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Superintendent Greer Extends Graham & Parks Principal Contract Despite Teacher Discontent

Graham and Parks Alternative Public School is located at 44 Linnean Street. Graham and Parks Principal Kathleen Smith will remain in her role for at least one more year after her contract was extended late last month.
Graham and Parks Alternative Public School is located at 44 Linnean Street. Graham and Parks Principal Kathleen Smith will remain in her role for at least one more year after her contract was extended late last month. By Frank S. Zhou
By Darcy G Lin and Emily T. Schwartz, Crimson Staff Writers

Cambridge Public Schools Superintendent Victoria L. Greer allowed Graham & Parks Elementary School Principal Kathleen M. Smith’s contract to extend for an additional year on March 31, even as the school’s climate survey results confirmed some parents’ concerns over its workplace environment.

Greer’s decision came in the face of demands from a parent coalition at Graham & Parks who have said Smith was a problematic leader and needed to be replaced. The move also comes amid an ongoing investigation by a third-party law firm into toxicity allegations against the principal.

Pressure had been mounting against Smith for weeks ahead of a March 31 deadline for Greer to notify Smith of changes to her contract. During a March 19 School Committee meeting, dozens of parents donning Graham & Parks stickers spoke out about their concerns.

But on April 4, Greer posted an announcement to Parentsquare, a CPS communications platform, that “Dr. Smith’s contract is in effect until June 30, 2025.”

The deadline to notify Smith fell between two closed-door School Committee discussions on whether Greer’s contract should be renewed. Though The Crimson reported on April 3 that the committee had asked Greer to resign, the district has not yet announced a decision about whether the superintendent — who has herself faced criticism and calls to resign over her hiring practices — will stay on.

One day after the deadline for Greer to notify Smith about her contract, on April 1, CPS publicly released the individual schools’ results from climate surveys of staff, students, and parents, which at Graham & Parks depicted frustration among teachers but still a positive experience for students.

CPS spokesperson Sujata Wycoff said the timing of the survey’s release was unconnected to the renewal of Smith’s contract.

According to the climate survey, only 14 percent of staff members responded that Graham & Parks’s working environment was positive — the lowest favorability rating of the 12 elementary schools in the district. Still, 80 percent of students in grades 3-5 responded favorably that teachers seem to be excited about teaching classes.

Two Graham & Parks teachers, who spoke on the condition of anonymity over fears of professional retaliation, said that they were “not surprised” at the negative responses from teachers and described the workplace environment as “tense” and “divisive.”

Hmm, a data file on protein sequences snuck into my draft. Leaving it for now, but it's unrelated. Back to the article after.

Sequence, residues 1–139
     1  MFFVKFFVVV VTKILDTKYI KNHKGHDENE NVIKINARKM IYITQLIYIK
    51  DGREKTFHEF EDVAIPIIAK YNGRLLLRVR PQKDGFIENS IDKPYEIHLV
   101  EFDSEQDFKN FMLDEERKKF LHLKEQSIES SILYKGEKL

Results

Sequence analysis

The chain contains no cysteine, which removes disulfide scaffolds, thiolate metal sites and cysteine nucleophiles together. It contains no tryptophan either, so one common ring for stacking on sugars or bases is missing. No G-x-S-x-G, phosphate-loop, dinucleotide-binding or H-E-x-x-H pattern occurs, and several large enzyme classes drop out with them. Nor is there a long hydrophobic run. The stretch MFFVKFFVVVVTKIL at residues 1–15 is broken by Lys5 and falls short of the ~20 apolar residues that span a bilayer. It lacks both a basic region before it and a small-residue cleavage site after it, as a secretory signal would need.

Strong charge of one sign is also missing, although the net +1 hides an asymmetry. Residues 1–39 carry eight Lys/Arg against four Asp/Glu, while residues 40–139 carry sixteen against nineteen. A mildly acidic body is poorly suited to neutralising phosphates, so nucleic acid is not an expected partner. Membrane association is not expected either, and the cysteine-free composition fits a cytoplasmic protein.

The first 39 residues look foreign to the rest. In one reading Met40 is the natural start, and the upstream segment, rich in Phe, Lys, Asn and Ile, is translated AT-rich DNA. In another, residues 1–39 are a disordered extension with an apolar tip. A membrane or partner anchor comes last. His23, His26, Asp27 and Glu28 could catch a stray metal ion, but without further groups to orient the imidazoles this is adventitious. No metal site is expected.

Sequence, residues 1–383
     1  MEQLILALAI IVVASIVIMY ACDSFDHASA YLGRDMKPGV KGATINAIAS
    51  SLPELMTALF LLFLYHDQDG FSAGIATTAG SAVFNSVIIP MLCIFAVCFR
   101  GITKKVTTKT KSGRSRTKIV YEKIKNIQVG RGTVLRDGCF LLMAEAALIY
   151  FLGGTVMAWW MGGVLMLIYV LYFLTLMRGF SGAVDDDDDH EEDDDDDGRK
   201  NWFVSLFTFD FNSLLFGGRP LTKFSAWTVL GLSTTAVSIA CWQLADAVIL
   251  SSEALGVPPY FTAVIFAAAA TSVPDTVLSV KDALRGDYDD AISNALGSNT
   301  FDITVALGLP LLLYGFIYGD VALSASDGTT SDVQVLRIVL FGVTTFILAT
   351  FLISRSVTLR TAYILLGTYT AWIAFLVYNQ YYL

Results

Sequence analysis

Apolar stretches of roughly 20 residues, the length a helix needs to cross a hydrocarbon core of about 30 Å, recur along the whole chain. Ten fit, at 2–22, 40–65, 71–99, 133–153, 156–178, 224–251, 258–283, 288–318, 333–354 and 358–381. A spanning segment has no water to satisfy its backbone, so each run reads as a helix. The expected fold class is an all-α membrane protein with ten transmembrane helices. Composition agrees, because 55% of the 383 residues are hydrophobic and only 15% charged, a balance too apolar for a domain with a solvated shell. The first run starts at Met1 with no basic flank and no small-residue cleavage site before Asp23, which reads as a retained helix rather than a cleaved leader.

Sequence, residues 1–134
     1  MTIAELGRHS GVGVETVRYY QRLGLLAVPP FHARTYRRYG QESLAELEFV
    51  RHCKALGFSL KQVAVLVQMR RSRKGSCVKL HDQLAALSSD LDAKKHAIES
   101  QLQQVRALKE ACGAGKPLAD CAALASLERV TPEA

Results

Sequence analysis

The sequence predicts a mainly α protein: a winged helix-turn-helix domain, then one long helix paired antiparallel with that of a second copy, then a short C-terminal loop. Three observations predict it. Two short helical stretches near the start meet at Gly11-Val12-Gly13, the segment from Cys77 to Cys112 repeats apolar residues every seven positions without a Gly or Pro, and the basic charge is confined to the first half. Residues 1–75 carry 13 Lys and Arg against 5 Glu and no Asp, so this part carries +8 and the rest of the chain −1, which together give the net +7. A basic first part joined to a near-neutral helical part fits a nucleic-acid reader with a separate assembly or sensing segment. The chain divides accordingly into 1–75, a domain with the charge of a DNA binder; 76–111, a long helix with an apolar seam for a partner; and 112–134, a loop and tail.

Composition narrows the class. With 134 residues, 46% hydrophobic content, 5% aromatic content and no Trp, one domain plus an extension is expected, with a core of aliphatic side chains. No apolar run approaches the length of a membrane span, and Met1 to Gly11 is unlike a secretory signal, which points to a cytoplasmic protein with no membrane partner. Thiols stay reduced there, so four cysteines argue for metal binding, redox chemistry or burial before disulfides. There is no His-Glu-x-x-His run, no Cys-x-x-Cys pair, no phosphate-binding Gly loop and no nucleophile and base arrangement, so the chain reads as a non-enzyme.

They said they witnessed colleagues leaving meetings with Smith crying and that after disagreeing with Smith in meetings, some teachers received worse evaluation reports or were asked to step back from leadership positions.

According to the two teachers, Smith’s contract renewal has led some teachers to begin looking for employment elsewhere — a reversal for the school that previously very little turnover, they said.

In an emailed statement, Wycoff declined to comment on criticisms of the Graham & Parks workplace environment, citing the ongoing investigation. No end date for the investigation has been announced yet.

“The purpose of the ongoing review is to investigate the concerns that have been raised,” she wrote.

Several parent members of the Graham & Parks Caregiver Coalition — which has led the campaign to oust Smith — said that the data confirmed what they had feared: teachers were struggling, but kept the toxicity out of the classroom.

“There’s a real problem in the school building,” said Daniel S. Farbman, a parent and member of the Caregiver Coalition. “I’m deeply troubled by the fact that even seeing this data, the district would preempt the investigation and renew its contract before we have a chance to sort of let everything play out.”

However, Graham & Parks parent Isabella C. Ehrlich said a lack of data from previous years made it difficult for parents to understand whether Graham & Parks’ environment had changed drastically under Smith.

“Clearly there are problems,” Ehrlich said. “But from what I’ve heard from the teachers in the public meetings, there have been problems for a long time.”

Despite Smith hosting Principal’s Coffees and speaking at School Council meetings, Farbman said that neither the district nor the school has facilitated spaces for effective open dialogue, where caregivers can engage productively.

He said parents, teachers, and school administrators needed spaces to have open conversations about the culture at Graham & Parks, adding that it was troubling that discussions about the school are being primarily hashed out in the press.

“What a terrible way of running a building to have people sending letters to The Crimson, of all places,” he said.

“We are currently not in a place where there are any safe spaces to engage in honest conversations with each other,” Farbman added.

—Staff writer Darcy G Lin can be reached at

—Staff writer Emily T. Schwartz can be reached at Follow her on X @EmilySchwartz37.

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